October 15, 2008

"Public money hurled at the face of capitalism"

Simon Jenkins in The Guardian, with a salutary message for those hailing the death of capitalism:

    The banks have not been "nationalised", just deluged with money. They remain pluralist and competitive institutions, with independent boards. Their workers are not civil servants. Investors retain their shares. The bonus culture will revive. The impresarios of greed have been punished, or at least a few of them. But this is not socialism in our time, just public money hurled at the face of capitalism.

    ... For the record, exactly the same gloating was heard after the crash of 1987. It too "spelled the death of market economics".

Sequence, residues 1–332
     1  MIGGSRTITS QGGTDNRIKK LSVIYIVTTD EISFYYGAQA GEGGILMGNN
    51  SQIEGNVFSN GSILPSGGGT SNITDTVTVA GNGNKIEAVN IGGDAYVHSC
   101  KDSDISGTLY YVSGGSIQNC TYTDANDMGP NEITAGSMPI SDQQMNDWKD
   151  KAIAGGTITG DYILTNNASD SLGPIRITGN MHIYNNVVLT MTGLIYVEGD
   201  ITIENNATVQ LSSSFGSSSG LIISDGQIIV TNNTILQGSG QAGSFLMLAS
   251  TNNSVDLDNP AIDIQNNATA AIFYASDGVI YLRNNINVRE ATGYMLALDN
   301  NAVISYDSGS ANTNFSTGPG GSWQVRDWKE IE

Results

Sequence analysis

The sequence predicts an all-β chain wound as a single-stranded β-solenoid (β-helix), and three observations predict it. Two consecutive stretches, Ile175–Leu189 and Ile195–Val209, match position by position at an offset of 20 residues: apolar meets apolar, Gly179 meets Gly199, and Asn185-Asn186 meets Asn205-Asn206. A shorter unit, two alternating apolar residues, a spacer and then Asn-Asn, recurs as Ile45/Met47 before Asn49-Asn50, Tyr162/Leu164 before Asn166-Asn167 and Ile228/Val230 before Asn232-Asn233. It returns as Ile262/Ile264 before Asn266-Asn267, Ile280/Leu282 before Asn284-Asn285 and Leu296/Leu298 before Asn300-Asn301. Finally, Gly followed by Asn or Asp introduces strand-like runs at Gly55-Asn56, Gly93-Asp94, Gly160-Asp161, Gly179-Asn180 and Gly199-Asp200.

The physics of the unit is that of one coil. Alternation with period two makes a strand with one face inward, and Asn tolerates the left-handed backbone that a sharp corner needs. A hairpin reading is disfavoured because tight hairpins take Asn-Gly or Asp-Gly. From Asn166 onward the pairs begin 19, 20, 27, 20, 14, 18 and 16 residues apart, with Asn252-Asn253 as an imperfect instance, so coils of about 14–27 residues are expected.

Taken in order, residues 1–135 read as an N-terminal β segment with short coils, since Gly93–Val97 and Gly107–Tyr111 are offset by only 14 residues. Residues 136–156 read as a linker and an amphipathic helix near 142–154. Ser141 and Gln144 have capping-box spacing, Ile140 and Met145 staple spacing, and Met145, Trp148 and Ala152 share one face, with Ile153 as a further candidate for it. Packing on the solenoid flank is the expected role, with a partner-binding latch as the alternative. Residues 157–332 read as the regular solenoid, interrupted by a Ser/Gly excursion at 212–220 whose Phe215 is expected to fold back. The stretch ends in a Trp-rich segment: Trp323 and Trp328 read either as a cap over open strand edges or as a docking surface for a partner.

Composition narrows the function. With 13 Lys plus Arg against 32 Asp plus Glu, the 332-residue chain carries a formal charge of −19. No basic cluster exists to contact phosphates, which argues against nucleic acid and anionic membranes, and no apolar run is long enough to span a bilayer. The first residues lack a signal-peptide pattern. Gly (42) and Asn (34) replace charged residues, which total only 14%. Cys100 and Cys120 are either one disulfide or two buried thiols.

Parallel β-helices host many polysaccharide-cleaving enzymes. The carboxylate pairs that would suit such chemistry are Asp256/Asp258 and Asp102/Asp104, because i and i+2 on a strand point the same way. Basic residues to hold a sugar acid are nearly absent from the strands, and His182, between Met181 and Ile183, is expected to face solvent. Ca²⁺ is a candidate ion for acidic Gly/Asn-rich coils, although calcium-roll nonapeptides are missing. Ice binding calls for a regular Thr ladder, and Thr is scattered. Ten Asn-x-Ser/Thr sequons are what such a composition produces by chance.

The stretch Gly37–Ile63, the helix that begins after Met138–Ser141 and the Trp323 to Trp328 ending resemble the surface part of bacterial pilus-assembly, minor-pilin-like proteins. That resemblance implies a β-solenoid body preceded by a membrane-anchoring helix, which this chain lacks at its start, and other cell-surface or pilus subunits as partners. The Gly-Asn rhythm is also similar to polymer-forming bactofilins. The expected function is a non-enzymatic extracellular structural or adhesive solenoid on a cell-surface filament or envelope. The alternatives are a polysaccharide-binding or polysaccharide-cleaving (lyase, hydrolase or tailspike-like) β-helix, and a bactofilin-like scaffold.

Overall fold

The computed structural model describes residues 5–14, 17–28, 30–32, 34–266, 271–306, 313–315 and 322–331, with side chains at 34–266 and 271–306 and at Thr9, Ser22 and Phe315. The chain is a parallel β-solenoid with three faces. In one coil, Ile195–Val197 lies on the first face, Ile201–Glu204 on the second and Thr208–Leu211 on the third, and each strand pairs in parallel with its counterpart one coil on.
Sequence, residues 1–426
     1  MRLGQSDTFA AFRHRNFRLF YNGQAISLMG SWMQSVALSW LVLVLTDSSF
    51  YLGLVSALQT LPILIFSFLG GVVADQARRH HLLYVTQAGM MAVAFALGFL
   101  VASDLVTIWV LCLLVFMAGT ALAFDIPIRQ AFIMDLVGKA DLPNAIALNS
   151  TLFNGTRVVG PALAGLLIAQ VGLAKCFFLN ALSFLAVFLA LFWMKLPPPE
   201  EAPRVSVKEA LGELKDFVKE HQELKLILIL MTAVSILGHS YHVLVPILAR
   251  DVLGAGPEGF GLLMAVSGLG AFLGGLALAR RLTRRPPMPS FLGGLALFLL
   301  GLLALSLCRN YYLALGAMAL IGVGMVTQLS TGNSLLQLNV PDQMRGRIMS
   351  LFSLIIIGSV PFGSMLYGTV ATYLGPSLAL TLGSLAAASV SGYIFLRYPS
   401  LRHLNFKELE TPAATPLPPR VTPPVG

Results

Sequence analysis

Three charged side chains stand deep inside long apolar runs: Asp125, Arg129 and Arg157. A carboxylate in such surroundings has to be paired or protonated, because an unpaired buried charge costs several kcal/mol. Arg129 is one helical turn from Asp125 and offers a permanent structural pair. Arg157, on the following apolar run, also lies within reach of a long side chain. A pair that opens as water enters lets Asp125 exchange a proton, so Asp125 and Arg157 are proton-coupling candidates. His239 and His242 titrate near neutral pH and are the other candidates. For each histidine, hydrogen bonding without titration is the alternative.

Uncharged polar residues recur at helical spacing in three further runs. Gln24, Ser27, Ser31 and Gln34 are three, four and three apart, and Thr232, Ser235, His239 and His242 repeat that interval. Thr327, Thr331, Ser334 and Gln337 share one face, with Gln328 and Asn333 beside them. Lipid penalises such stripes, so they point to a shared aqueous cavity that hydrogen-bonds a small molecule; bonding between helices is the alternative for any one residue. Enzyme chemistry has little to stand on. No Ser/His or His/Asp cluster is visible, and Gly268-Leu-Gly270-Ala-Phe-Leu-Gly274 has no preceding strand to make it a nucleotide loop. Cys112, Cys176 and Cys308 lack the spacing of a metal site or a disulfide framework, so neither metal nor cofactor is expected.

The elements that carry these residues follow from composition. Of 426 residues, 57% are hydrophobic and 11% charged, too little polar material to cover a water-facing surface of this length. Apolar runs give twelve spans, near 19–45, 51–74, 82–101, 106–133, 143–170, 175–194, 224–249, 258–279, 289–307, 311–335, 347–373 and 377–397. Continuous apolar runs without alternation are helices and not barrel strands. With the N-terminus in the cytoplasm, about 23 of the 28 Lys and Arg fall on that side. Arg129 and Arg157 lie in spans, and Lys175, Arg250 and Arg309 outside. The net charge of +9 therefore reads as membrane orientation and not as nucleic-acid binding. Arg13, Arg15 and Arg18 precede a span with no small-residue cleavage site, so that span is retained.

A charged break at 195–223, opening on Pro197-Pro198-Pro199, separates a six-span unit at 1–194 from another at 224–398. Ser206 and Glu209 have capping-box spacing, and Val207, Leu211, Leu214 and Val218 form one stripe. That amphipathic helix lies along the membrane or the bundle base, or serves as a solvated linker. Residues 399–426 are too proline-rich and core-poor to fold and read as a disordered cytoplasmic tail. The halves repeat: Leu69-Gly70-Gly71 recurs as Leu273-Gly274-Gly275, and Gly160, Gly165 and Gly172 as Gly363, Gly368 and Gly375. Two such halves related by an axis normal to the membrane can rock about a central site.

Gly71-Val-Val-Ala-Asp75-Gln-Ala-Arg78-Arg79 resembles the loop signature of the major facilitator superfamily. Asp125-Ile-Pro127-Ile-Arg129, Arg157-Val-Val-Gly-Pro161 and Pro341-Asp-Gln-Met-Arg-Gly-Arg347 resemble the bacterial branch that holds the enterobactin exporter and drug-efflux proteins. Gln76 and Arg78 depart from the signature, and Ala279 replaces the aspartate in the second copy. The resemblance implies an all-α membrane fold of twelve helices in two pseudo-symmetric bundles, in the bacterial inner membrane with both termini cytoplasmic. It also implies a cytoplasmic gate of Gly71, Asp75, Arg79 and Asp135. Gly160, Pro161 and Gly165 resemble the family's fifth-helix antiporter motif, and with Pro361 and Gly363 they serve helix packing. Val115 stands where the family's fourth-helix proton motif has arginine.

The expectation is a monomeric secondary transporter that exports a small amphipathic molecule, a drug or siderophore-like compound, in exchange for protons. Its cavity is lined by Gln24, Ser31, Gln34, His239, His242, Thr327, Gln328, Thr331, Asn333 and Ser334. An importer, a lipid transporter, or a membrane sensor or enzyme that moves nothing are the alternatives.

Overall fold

Meanwhile, Steve Shaviro responds to my scepticism about too quickly assuming that the recession will close down the possibilities for radical change. At the risk of repeating myself, the problem is obvious: the boom manifestly did not lead to a growth of radicalism, but if the prospects are worse under a recession, then when could anything ever happen? It might well be the case that downturn obstructs radicalisation, but we've just lived through a period that has definitively proven that there is (at the least) no necessary link between abundance and revolt. My own sense is that the kind of abundance we've just experienced led to a widespread feeling that there was too much to lose. What will happen when the security blanket is removed?

Posted by mark at October 15, 2008 04:25 PM | TrackBack